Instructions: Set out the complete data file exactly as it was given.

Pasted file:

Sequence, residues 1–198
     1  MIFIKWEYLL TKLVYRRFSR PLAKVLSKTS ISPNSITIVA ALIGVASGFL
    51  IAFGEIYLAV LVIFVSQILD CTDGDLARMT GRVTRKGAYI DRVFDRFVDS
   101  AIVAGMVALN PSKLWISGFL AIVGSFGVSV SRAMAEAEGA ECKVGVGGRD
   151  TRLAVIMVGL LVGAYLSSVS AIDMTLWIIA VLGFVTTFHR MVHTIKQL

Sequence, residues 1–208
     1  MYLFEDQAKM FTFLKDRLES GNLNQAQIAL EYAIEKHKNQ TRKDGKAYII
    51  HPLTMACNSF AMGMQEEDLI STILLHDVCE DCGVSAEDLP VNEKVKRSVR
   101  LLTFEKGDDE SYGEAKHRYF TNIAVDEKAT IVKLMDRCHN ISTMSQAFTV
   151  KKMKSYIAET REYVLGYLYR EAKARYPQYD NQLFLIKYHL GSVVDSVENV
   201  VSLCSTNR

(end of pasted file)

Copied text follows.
Sequence, residues 1–198
     1  MIFIKWEYLL TKLVYRRFSR PLAKVLSKTS ISPNSITIVA ALIGVASGFL
    51  IAFGEIYLAV LVIFVSQILD CTDGDLARMT GRVTRKGAYI DRVFDRFVDS
   101  AIVAGMVALN PSKLWISGFL AIVGSFGVSV SRAMAEAEGA ECKVGVGGRD
   151  TRLAVIMVGL LVGAYLSSVS AIDMTLWIIA VLGFVTTFHR MVHTIKQL

Sequence, residues 1–208
     1  MYLFEDQAKM FTFLKDRLES GNLNQAQIAL EYAIEKHKNQ TRKDGKAYII
    51  HPLTMACNSF AMGMQEEDLI STILLHDVCE DCGVSAEDLP VNEKVKRSVR
   101  LLTFEKGDDE SYGEAKHRYF TNIAVDEKAT IVKLMDRCHN ISTMSQAFTV
   151  KKMKSYIAET REYVLGYLYR EAKARYPQYD NQLFLIKYHL GSVVDSVENV
   201  VSLCSTNR